Spender, Stephen. (1909 - 1995).
W o r k
- 1930s: wrote political and social poems, poems on social injustice and class struggle, and poems on his experience of the Spanish Civil War
- 1950s and on: retreats from political writing, puts an increasing stress on private emotions and relationships
Twenty Poems (1920), Poems (1933), and The Still Centre (1939):
- intermixes public, political, and private verse
- achieves the most effective balance of personal response and public engagement in the poems of his Spanish Civil War experience
- preface to The Still Centre explains why the poems had not struck a more heroic note: ‘a poet can only write about what is true to his own experience, not about what he would like to be true to his experience’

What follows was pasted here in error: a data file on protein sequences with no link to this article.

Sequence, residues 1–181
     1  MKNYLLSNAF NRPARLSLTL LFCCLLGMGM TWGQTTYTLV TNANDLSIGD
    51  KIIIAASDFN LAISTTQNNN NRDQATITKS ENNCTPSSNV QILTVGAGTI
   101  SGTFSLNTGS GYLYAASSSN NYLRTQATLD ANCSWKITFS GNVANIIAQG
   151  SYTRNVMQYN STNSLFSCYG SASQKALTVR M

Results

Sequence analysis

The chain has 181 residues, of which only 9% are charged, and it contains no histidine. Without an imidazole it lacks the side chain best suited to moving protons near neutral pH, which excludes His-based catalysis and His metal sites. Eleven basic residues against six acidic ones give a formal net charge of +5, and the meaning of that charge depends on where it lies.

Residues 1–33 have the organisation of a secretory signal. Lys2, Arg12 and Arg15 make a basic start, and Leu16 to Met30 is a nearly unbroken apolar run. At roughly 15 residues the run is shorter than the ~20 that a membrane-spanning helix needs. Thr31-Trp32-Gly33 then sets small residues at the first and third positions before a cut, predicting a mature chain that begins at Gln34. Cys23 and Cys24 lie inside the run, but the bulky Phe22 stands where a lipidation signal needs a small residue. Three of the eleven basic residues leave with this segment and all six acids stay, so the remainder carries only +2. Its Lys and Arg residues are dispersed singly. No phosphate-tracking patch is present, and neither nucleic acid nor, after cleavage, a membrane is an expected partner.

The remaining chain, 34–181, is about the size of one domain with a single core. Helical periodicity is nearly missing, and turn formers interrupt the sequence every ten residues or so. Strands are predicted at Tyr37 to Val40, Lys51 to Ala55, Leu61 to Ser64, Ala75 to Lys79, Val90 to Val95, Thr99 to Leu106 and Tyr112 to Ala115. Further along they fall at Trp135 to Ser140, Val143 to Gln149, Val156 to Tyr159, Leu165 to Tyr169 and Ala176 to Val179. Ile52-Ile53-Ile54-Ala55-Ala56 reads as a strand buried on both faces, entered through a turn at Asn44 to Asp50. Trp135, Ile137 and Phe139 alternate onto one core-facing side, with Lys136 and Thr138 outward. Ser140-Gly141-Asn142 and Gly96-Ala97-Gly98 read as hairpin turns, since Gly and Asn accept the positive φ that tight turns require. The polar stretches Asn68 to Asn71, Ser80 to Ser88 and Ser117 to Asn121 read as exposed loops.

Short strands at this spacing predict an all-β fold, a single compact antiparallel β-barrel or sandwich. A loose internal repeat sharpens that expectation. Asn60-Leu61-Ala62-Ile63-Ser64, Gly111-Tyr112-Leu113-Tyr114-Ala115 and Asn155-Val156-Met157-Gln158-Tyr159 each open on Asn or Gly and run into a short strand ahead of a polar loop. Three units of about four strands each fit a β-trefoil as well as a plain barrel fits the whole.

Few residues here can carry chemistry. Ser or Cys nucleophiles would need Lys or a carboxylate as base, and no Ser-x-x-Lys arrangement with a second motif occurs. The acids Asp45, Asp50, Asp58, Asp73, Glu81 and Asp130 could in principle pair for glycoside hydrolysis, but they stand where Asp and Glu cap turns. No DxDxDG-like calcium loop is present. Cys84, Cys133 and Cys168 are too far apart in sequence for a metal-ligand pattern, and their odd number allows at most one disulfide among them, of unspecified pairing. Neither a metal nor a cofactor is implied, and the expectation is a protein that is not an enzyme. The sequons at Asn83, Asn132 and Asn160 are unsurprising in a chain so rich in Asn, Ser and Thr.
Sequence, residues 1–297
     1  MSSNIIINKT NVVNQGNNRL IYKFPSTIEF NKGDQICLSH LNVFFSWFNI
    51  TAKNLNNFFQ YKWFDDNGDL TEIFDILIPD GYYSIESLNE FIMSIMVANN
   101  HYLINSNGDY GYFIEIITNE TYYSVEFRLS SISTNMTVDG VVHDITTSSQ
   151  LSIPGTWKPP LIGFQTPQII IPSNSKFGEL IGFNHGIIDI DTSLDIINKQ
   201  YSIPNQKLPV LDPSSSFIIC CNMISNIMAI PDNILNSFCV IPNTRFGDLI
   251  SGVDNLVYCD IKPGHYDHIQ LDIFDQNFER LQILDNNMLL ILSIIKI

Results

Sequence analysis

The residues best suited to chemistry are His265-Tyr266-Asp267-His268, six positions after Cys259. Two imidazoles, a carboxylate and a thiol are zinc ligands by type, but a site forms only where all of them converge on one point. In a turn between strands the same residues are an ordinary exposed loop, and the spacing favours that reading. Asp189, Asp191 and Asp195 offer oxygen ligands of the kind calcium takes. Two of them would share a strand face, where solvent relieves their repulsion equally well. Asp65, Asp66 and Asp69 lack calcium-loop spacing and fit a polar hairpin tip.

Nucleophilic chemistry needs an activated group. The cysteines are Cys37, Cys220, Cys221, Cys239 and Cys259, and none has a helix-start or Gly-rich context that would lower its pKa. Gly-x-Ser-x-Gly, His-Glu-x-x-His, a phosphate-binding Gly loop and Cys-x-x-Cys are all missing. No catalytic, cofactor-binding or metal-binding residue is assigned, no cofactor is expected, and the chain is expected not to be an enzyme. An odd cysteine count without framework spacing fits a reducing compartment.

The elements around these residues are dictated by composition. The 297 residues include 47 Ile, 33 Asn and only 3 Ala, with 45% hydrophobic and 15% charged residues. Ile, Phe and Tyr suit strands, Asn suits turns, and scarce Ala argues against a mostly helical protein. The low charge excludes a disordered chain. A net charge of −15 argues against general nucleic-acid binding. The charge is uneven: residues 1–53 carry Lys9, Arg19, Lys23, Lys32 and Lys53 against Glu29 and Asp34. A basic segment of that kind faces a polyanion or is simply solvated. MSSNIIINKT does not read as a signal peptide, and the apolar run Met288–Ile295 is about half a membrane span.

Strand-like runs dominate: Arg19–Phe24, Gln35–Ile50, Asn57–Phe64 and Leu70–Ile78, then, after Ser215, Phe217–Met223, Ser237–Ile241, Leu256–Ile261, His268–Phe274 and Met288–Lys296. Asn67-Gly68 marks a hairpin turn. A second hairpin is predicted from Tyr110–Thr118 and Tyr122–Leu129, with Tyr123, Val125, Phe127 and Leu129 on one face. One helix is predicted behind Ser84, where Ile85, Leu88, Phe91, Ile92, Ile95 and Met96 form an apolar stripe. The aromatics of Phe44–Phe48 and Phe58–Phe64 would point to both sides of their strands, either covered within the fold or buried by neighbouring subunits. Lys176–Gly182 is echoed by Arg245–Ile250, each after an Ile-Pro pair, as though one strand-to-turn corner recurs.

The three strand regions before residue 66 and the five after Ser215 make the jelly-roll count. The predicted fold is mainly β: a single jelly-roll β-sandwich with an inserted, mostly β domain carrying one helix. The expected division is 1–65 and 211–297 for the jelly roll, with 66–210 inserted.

> “What I Expected”:
- contrasts his romanticised expectations about war x his actual experience
> “An Elementary School Classroom in a Slum”:
- points out the cultural anomalies and class conflicts in inter-war Britain
> “A Footnote (from Marx’s Chapter, The Working Day)”:
- evokes historical injustice in the voices of Victorian slum-children
> “Two Armies” and “Ultima Ratio Regum”:
- develop erotic implications of the intimacy of huddled sleeping soldiers
> “Port Bou”:
- confesses his failure to convey a sense of the heroic at the ‘still centre’ both of the war and of the poet’s consciousness
"In railway halls, on pavements near the traffic, / They beg, their eyes made big by empty staring / And only measuring Time, like the blank clock."
From "In railway halls, on pavements near the traffic."
AuthorSir Stephen Harold Spender. (1909 - 1995). British.
WorkPoet. Member of Auden's Circle.
GenresLeft-wing poetry in 1930s. War poetry.
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